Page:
The proper classification of property construction or acquisition costs can result in significant savings of tax dollars.
A cost segregation study helps building owners enjoy significant tax savings by taking advantage of IRS-allowed depreciation expenses. In general, a commercial building is depreciated over 39 years, which means tax deductions for the cost of the building are recognized over 39 years. However, there are often components of the buildings with much shorter depreciable lives. A cost segregation study is the process of identifying and classifying those components.
Often times, items that could be classified with shorter class lives (such as 5, 7 or 15 years) are incorrectly included with the building cost and depreciated over 39 years. Examples of property qualifying for shorter depreciation lives include process-dedicated HVAC, electrical or plumbing; carpeting or other floor covering; and decorative items such as lighting and millwork.
Items that are part of the property but outside the building shell also qualify for shorter depreciable lives, such as landscaping, storm water control, parking lots and other land improvements. By segregating the cost of this short-life property from the building, a taxpayer can recognize greater tax deductions in earlier years and, often, improve cash flow.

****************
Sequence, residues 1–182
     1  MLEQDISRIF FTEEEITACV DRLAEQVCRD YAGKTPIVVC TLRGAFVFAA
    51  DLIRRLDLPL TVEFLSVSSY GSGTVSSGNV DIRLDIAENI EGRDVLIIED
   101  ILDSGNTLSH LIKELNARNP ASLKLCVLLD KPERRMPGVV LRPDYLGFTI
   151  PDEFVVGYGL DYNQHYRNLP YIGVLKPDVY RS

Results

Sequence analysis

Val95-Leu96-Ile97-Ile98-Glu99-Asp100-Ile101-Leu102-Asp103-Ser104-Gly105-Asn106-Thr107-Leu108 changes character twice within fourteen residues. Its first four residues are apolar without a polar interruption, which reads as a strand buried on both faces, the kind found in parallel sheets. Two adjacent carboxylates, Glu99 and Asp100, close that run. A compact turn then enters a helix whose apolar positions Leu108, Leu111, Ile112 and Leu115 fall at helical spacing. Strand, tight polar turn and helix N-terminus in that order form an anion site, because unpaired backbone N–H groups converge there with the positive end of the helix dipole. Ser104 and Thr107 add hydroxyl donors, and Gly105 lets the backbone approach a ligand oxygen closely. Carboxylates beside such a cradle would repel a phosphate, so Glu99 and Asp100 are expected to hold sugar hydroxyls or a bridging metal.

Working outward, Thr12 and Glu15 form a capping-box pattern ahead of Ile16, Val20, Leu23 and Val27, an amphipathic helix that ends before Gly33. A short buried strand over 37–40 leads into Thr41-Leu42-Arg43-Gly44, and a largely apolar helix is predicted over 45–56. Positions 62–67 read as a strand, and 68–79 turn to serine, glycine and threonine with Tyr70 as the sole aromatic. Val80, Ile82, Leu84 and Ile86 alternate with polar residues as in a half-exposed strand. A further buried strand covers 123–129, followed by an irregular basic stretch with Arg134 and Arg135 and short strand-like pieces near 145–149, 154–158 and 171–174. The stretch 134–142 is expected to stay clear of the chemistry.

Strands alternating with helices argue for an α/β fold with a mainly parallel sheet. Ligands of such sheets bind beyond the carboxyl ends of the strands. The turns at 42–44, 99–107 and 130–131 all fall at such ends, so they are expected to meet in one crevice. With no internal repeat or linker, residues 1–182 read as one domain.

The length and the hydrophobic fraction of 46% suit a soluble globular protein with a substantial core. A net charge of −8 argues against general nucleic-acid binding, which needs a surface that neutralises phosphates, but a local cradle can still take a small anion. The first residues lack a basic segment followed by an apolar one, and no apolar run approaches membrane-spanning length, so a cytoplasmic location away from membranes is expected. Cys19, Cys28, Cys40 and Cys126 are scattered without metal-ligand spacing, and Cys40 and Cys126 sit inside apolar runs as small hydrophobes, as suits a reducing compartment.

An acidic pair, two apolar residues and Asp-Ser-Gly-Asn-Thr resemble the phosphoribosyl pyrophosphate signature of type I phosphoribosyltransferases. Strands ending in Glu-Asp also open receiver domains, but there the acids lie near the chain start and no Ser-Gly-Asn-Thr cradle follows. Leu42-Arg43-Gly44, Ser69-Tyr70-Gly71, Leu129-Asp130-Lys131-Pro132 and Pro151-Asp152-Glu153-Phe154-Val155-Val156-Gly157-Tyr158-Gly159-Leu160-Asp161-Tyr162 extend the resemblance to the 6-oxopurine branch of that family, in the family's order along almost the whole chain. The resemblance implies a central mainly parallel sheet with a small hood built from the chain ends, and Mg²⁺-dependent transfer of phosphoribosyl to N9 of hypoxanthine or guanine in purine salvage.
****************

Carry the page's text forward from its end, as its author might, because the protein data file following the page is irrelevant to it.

Typical studies result in 20 – 40 percent of the building cost being classified in categories that accelerate depreciation when compared to the standard building depreciable life. The result is larger annual depreciation deductions in the initial 5 – 15 years a building is in service. In addition, recent projects have produced current year income tax deductions of 9 – 20 percent of the building cost. These accelerated deductions can produce substantial current tax savings. For example, a $600,000 building could produce a current year reduction in tax liability of $20,000 or more.
WK cost segregation studies are based on detailed records and invoices obtained from architects, engineers and contractors performing new construction or remodeling projects specific to your property. Although not necessary, the optimal time to obtain these records is during the construction process. Relying on actual contemporaneous records has been identified as a preferable method in IRS Technical Guides for Cost Segregation. Communication between the accounting consultants and the construction professionals during the project allows for an efficient exchange of appropriate information.
The proper classification of property construction or acquisition costs can result in significant savings of tax dollars. Our experienced cost segregation professionals, including Leslie “Trae” Lorts, CPA, CVA, Troy Norton, CPA/ABV, and Chris Schneider, CPA, CVA, can help determine if a cost segregation study is right for you. For more information, you can reach one of them or your WK advisor at (573) 442-6171 or (573) 635-6196.